Really, Abby is just misunderstood. She has a wry and dry sense of humor.
“People take her quite seriously,” Morsey insisted, “more seriously than she takes herself.”
Abby does not try to cause problems for anyone, and she does not want anyone causing problems for her. She is self-contained and self-sufficient. She is not inherently unfriendly or mean but is old enough to know what she wants, and what she wants more than anything is to be alone.
“Marilyn is quite the social butterfly, and she is very, very nice,” Nell Page said of her character.
She is friendly, talkative and Abby’s worst nightmare. There is no worse person Abby could be forced to share a room with than Marilyn, but there is no better pairing on the Hippodrome Mainstage than Sara Morsey and Nell Page.
Morsey and Page will take the Mainstage together once again in “Ripcord,” opening March 2. The two recognizable actors have been company members since the Hippodrome organized a company, but their careers began long before that.
When Nell Page was 18 years old, she was enamored with live theatre. She majored in theatre at the University of Florida and was cast in the lead role in the first play she auditioned for at the Hippodrome. That was in 1974.
Now, 44 years later, the Hippodrome is still flourishing, and Page continues returning to the theatre where she feels comfortable.
“It’s great to be back at the Hippodrome,” Page said. “When I am on stage, I feel most at home.”
Through the decades she has spent on the Mainstage, Page said she has seen an unparalleled quality of work within Hippodrome community.
“The Hippodrome does have something special,” Page said. “I’m not sure how to define what that is 一 you could ask patrons who have been here for the past 40-plus years, and they would probably all give you a different answer.”
One of the factors that differentiates the Hippodrome is the close relationships between company members, she said.
“I love working with this particular group of actors,” Page said. “There’s a lot of trust between us.”
Working with actors she knows so well allows Page to be vulnerable, which is both encouraging and freeing, she said. She and Sara Morsey have been collaborating on stage since Morsey began acting at the Hippodrome in 1993.
“We work well together, and because of our history, we know each other,” Page said. “There’s just that unspoken language that you share between each other.”
Morsey said the reason she is most excited to be in “Ripcord” is to once again share the stage with Page and the other actors in the show, all of whom she has worked with before.
Though she has 25 years of experience acting at the Hippodrome, Morsey said each play is different and offers a new opportunity to grow as an actor.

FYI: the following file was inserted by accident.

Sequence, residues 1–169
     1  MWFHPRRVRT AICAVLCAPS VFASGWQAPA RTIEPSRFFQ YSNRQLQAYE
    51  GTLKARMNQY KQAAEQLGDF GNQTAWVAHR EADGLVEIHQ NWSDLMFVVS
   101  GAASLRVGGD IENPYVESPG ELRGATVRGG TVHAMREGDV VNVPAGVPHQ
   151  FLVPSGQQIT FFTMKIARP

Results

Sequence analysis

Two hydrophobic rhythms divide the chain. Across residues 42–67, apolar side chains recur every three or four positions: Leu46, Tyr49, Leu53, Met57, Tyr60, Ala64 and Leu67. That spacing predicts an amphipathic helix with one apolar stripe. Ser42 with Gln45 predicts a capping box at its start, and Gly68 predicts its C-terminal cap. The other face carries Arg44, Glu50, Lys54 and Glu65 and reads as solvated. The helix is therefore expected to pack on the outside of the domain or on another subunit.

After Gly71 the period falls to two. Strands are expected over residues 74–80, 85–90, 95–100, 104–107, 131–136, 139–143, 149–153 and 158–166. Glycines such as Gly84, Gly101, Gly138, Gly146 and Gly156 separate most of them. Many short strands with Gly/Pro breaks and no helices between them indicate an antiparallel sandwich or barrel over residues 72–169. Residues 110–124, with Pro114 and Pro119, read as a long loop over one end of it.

“You never know when you might learn something,” Morsey said. “You never know when you might up your game, so every single time you get a chance to be in the process with other actors, in the process of rehearsing a play, you never know what it’s going to do to up your game for the next one.”
Like any other profession, acting is a continual process, she said.
“You could have 25 years of experience, and it’s the same experience every day,” Morsey said. “Or you could have 25 years of experience, and it’s huge because you’ve let it blossom.”
She has acted in other David Lindsay-Abaire plays at the Hippodrome before, she said. The playwright has an ability to pack a lot of material into a a few words.
“He’s very funny right in the same breath as being very serious sometimes,” she said.
“Ripcord” crosses demographics and has something for everyone to enjoy, Morsey said. She hopes the Gainesville community takes advantage of this Florida premiere, which promises to be a unique experience.
“The theatre is here and accessible and open to everybody,” Morsey said. “And if you come in and see a live show, it’s going to be an experience that happens once in a lifetime because when it’s live, it happens once.”
Audiences can take from “Ripcord” a good laugh and an unrepeatable night, she said.
“There’s nothing like live theatre,” Morsey said. “Life is happening every night.”
For tickets, call 352.375.4477 or click here.
The esteemed Gainesville string band, Pine, will be playing in the Hipp Cinema on Sunday, April 29. Doors at 5:30, music starts at 6:30 p.m.
Pine will play two intimate sets of live music, with an intermission for time for refreshments at the bar.
A little about Pine: Liberty Phoenix and Dan Stepp came together to create a folky sound with intimate harmonies that are supported with a beautifully talented string band. They have been lucky enough to add on Brian Turk on Stand Up Bass, Andrew Cook on Violin and Mark Archer on Dobro.
Purchase tickets online at https://
or call the Hipp Box Office 352.375.4477
Check out Pine’s music here: